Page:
True to form, U.S. Sen. Bob Casey Jr. remains understated entering the final three weeks of his re-election campaign.
Casey shrugs off the “Silent Bob” label often used by Pennsylvania Republicans who accuse him of being a phantom political presence.
Rather than be peeved by a New York Times reporter’s description of him last year as a politician whose excitement is “most often registered by some extra eyebrow activity,” the Scranton Democrat humbly incorporated the self-deprecating depiction into his stump speech at a Wednesday appearance in Carlisle.
But when he’s asked about the “Senator Zero” tag Republican challenger Tom Smith has slighted him with in scores of television commercials across the state, Casey’s staid repose simmers to a lukewarm boil.
“It doesn’t make a lot of sense when you look at my record in terms of getting results for people,” Casey shot back when asked about the label following last week’s appearance at a Cumberland County Democratic Party dinner at Dickinson College.
He then rattled off a number of legislative accomplishments to counter Smith’s argument that he has not passed a single bill in his first term.
Casey cited his leadership role in the fight for the payroll tax cut, trade adjustment assistance, and for provisions to aid state diary farmers with their costs of production.
He also trumpets his role in championing the inclusion of pregnant women’s assistance in President Barack Obama’s controversial Affordable Care Act, and in requiring defense contractors to provide safe electrical wiring in facilities used by military personnel.
“So I think on a whole host of fronts I get results,” he added. “I think people know that and we’ll see what they say on Election Day.”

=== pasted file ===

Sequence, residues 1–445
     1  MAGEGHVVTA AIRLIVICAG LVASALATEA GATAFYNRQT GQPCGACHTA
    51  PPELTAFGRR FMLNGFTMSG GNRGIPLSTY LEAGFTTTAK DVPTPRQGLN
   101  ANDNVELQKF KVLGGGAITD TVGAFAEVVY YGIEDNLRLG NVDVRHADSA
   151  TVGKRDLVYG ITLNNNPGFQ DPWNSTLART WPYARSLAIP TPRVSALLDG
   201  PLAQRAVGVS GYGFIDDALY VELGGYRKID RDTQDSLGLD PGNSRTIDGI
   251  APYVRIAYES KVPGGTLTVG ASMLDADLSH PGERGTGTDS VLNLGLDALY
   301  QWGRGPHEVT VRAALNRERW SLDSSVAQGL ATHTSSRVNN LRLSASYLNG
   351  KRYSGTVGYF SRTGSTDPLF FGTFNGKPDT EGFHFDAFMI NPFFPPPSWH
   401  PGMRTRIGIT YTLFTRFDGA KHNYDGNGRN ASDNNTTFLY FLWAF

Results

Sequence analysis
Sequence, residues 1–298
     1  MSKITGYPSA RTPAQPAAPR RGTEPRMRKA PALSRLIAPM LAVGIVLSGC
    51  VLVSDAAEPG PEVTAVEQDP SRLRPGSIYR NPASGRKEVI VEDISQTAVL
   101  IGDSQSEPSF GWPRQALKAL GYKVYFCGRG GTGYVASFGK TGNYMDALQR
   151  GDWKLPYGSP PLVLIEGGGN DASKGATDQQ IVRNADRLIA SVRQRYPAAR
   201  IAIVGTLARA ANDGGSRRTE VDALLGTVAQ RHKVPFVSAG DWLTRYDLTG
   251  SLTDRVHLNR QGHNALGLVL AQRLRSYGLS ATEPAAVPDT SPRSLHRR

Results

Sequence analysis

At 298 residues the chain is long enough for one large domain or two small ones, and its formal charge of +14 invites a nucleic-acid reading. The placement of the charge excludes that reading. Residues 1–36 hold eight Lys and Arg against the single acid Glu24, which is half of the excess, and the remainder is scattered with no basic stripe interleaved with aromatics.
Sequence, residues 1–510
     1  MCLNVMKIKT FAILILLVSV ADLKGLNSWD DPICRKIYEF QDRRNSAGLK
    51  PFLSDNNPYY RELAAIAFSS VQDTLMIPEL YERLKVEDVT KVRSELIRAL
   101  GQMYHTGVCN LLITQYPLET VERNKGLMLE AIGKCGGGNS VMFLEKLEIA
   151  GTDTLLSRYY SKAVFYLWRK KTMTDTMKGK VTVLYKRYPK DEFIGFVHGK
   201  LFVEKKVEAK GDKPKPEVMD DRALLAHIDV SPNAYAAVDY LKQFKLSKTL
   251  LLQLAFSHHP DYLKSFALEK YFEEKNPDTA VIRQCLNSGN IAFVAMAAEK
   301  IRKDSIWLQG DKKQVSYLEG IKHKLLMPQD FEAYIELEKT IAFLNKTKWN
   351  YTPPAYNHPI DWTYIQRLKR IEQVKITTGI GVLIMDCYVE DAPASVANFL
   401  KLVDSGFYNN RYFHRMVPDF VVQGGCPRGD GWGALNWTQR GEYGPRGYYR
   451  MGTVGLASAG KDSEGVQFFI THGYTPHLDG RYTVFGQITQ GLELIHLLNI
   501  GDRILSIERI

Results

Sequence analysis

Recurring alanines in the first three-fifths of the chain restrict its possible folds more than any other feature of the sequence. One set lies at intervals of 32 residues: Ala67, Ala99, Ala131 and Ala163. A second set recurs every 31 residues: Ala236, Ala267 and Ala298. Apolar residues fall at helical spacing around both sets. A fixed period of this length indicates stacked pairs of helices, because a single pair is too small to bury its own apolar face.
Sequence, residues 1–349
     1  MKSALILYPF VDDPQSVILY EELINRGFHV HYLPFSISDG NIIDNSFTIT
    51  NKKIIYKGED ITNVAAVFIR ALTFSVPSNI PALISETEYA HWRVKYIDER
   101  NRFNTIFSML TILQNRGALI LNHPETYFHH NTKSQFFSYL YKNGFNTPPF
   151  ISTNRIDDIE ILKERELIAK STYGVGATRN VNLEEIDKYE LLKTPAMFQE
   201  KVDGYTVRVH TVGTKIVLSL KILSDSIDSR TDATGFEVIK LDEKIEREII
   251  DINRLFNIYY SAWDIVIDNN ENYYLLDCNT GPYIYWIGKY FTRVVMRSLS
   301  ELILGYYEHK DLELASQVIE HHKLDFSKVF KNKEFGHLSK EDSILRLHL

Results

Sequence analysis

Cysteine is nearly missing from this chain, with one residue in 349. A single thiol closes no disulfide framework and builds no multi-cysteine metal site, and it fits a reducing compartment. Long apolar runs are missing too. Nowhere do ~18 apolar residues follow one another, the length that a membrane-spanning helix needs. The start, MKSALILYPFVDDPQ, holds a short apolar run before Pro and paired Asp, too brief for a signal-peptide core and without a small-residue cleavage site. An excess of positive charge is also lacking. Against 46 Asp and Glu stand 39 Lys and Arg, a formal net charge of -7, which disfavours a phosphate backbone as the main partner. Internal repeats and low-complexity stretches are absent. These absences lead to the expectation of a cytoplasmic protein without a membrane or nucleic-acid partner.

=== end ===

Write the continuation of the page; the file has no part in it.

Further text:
But despite stout name recognition and the intimidating power of incumbency, the heir to Pennsylvania’s most recent political dynasty has watched his poll lead over Smith dwindle. He still maintains an advantage, but it’s narrowed considerably.
In June, he held his biggest lead, a 21-point advantage, which has dropped to an average of 6.3 points on the RealclearPolitics.com poll aggregation last week.
The drop for Casey has been so precipitous that The Washington Post and widely respected Cook Political Report has shifted the Pennsylvania U.S. Senate race from solidly and likely Democrat to leaning Democrat.
That’s drawn indifferent state Republicans to rally to Smith.
“What’s transpired is that Tom Smith has made a commitment to getting his message out,” said Mike Barley, executive director of the Pennsylvania GOP. “He’s been able to tell Bob Casey’s story, which is that he’s done nothing in Washington except vote with the president 95 percent of the time. And at the same time he’s told his story.”
Larry Smar, Casey’s campaign manager, dismissed recent Republican bullishness about Smith’s chances as deceptive bluster.
“The Smith campaign and the GOP has been in overdrive trying to spin some momentum for Tom Smith,” Smar said. “In the last week or so they’ve released 3-4 Republican polls to try and show that the race is tight, but if you look at independent polls, the race is around 10 points.”